committee can’t expel him for anything. But what it can do is recommend that the
Senate itself expel him. The Senate’s power to expel is granted by the
Constitution, which provides that each chamber may “punish its Members for
disorderly Behavior, and, with the Concurrence of two thirds, expel a Member.”
Some view this authority as being virtually boundless. For example, the
Congressional Research Service has stated that the “express grant of authority
for the Senate to expel a Senator is, on its face, unlimited — save for the
requirement of a two-thirds majority.” If this is right, in theory two-thirds of
the Senate could expel a peer if they didn’t like his face.
In practice, however, the Senate has rarely used its authority to expel. As
much as Senators may have disliked each others’ faces over the years, no Senator
has been expelled since the Civil War. The CRS has reviewed the historical uses
of the Senate expulsion power and concluded that it has been “reserved for cases
of the most serious misconduct: disloyalty to the government or abuses of one’s
official position.” In the Ethics Committee’s four decades of existence, it has
recommended expulsion only twice, and in neither case were the allegations at
all similar to those Burris faces.
History suggests, therefore, that even if the allegations against Burris were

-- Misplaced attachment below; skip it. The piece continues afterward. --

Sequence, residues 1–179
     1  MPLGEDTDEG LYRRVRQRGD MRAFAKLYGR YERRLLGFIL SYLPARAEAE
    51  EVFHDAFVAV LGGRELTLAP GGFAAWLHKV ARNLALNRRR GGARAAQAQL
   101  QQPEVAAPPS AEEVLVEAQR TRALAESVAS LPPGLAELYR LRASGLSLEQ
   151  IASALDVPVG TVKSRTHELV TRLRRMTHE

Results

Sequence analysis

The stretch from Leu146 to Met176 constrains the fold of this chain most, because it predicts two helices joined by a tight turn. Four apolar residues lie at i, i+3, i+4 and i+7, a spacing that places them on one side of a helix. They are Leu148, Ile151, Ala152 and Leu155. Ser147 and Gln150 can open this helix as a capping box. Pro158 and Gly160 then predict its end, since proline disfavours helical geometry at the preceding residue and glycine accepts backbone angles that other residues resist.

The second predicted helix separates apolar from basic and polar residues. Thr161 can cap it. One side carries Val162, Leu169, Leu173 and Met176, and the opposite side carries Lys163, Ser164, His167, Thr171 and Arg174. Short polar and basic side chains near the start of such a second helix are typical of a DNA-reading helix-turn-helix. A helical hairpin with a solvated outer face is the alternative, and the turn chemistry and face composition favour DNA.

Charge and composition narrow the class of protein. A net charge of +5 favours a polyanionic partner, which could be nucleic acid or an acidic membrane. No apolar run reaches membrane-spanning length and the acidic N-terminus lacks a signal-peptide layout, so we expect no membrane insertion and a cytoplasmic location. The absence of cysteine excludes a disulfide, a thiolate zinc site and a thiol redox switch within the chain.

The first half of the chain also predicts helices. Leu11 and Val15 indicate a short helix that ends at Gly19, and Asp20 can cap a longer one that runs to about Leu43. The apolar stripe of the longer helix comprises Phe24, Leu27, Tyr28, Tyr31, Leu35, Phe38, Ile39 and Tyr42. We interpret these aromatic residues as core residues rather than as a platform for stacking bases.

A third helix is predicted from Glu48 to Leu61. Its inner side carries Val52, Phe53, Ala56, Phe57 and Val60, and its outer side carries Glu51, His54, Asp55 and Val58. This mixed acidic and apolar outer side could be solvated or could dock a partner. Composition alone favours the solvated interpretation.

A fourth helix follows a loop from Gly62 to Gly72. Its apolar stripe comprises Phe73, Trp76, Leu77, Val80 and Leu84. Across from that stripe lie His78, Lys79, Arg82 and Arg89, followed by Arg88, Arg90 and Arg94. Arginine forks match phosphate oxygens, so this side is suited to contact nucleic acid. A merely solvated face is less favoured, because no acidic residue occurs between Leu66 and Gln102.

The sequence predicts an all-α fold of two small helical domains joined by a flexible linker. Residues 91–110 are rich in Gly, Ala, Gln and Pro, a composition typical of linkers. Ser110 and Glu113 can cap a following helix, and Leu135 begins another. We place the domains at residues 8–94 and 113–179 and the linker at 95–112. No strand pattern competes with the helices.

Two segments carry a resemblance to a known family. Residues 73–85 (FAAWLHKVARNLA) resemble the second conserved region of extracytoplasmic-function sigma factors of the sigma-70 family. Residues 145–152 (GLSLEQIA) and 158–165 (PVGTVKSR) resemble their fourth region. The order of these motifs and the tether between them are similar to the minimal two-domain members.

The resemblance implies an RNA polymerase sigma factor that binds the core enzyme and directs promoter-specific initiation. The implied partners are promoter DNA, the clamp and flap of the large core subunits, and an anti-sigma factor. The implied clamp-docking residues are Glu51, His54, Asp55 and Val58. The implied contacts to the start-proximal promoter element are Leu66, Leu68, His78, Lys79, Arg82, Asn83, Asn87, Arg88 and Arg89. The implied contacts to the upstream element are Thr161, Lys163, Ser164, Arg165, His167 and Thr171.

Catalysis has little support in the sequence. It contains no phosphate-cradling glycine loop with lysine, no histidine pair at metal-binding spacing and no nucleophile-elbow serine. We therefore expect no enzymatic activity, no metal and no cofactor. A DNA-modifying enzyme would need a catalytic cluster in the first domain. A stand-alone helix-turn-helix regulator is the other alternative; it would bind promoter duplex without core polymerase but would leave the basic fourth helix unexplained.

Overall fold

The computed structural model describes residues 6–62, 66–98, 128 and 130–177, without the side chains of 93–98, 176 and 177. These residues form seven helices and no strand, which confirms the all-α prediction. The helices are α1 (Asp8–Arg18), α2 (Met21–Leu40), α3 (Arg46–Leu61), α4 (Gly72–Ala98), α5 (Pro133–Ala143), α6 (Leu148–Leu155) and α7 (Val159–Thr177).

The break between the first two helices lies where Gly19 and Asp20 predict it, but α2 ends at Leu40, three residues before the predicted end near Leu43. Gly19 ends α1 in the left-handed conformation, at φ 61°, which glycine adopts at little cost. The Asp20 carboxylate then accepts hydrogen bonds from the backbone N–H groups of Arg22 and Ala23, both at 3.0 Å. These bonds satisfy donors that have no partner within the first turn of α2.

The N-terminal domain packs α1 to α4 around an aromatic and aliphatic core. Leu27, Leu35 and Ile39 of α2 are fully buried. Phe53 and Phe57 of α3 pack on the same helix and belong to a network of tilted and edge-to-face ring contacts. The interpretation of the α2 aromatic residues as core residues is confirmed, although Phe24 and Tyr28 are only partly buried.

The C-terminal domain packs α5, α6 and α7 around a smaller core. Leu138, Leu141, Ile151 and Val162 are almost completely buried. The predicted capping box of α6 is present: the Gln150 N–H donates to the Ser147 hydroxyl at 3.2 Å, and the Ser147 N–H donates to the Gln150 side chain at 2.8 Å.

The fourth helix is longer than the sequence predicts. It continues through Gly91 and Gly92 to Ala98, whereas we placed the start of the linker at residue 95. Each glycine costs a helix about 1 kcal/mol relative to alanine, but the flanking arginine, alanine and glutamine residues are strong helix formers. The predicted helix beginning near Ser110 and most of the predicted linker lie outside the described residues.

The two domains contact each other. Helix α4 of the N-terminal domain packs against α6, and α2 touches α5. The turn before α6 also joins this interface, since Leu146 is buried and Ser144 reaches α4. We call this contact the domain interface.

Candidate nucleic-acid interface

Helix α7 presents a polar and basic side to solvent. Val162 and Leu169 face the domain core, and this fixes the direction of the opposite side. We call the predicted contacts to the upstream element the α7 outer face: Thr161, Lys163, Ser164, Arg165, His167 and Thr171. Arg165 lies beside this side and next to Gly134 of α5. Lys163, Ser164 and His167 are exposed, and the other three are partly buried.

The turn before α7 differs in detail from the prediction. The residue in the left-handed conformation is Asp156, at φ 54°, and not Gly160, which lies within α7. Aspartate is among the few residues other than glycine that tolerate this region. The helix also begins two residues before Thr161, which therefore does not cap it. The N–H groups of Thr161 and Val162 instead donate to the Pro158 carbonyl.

true, he would still have a few arguments on his side. First, expelling him for
providing false testimony would be unprecedented. Second, Burris’ alleged
misconduct occurred before he was a Senator, and precedent shows that there has
been reluctance to expel a Member for such conduct.
Yet, these arguments might only get Burris so far. No two situations are
exactly alike, so in some sense pretty much any expulsion would be
unprecedented. Moreover, should a vote to expel Burris reach the Senate floor,
political factors may weigh more heavily than precedent.
Ultimately, the underlying justification for the Senate’s power to expel is
to protect the integrity of the legislative institution. Former Justice Joseph
Story wrote in his historic treatise on the Constitution that the Senate could
use its expulsion power to address any action “inconsistent with the trust and
duty” of a Member. In a statement last week, Senate Majority Whip Dick Durbin
(D-Ill.) implied that these issues are at stake here.
Durbin said that when he met with Burris in January, he told Burris that one
of the prerequisites for him to be seated in the Senate was that he would have
to appear before the Illinois committee considering Blagojevich’s impeachment,
and “testify openly, honestly and completely about the nature of his
relationship with the former governor, his associates and the circumstances
surrounding this appointment.”
Durbin said that it now appears that Burris did not make the full disclosure
that was requested. While Durbin has said he would allow the process to run its
course, it sounds like there could be at least one vote for expulsion.